On a good friend's recommendation, I recently picked up this book at the library:
One word: Amazing.
Okay, there are very few situations where I feel like one word is really sufficient, and besides, I like to talk. So I'm not going to leave it at one word.
The author (who I'll herein refer to as "Gord", because I think he's great and I feel like he's my friend) talks about how we have an issue in our day and age, not with discipline and a lack of respect in children, but in attachment. That most children are no longer attaching in a healthy way to their parents primarily, and then giving a second place to their peers, but attaching to their peers and looking to them for their morals, values, and cues about almost everything. Gord refers to this phenomenon as "peer orientation".
I was shocked to discover how much of our society sets up peer orientation. We are constantly pushing our children to be more independent (and then getting upset when they show signs of - guess what? - independence), and pushing them towards their friends instead of fostering attachment with us, their parents, and other adults in their lives. He talked about how even when we step through the doors of a religious institution, we're automatically separated by age - babies in the nursery, young kids in Sunday school, teens in youth group - instead of encouraged to be with our families in a multigenerational setting. That really hit me. What also hit me was when Gord was talking about how parents, when getting together with other parents, push the kids to "go play" while the adults sit and have their conversation. Guilty as charged!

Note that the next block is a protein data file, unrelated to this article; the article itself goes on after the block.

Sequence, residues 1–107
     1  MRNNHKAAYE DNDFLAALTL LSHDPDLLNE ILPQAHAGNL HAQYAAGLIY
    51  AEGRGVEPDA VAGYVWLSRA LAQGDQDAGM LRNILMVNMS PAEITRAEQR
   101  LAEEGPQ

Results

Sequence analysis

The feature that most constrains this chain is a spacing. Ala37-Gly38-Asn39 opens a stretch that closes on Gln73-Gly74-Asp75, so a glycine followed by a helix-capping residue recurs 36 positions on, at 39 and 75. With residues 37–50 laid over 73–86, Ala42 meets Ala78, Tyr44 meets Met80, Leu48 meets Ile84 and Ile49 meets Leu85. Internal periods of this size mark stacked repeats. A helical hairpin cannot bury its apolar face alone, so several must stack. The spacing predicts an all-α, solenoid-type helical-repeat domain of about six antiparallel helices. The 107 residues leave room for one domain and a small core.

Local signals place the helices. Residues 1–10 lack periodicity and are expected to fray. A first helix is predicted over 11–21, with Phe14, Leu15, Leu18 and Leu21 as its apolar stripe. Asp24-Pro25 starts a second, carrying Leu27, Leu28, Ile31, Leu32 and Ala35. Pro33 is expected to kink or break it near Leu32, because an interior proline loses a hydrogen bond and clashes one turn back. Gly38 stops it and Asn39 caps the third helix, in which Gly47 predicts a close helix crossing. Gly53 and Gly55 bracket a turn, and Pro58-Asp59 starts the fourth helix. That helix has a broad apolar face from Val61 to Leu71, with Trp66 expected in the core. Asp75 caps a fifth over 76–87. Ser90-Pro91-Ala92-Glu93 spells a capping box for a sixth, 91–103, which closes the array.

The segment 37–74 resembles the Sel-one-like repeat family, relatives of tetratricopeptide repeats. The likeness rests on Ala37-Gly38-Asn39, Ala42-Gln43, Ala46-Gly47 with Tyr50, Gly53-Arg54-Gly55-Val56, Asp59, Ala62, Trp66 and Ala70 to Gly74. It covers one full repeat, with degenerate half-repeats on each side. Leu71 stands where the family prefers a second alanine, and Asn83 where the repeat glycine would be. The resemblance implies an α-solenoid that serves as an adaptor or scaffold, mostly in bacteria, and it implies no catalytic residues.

It's interesting how we've really lost that "old school" way of doing things, and how it no longer takes a village to raise a child. In the past, the butcher and the mailman all knew your parents and your family, and children interacted with all generations in a village. Families spent time together - from infants to great-grandparents - and children knew they had many trustworthy adults around them whom they could go to. That seems to be no longer.
I'm really enjoying this book so far. I love it on a parenting level, to give us tips and insight on how to raise our children differently, but also because it shows how the way we've set up our North American lives just isn't working. Or at least, not working well. I've talked about this before, but all of this is just another reason why I believe we're meant to live in authentic community with each other.
Because it's true - it takes a village to raise a child. Never before has the weight of parenting rested on the shoulders of just two (and sometimes only one) adult. And I think we can see how well that is working out.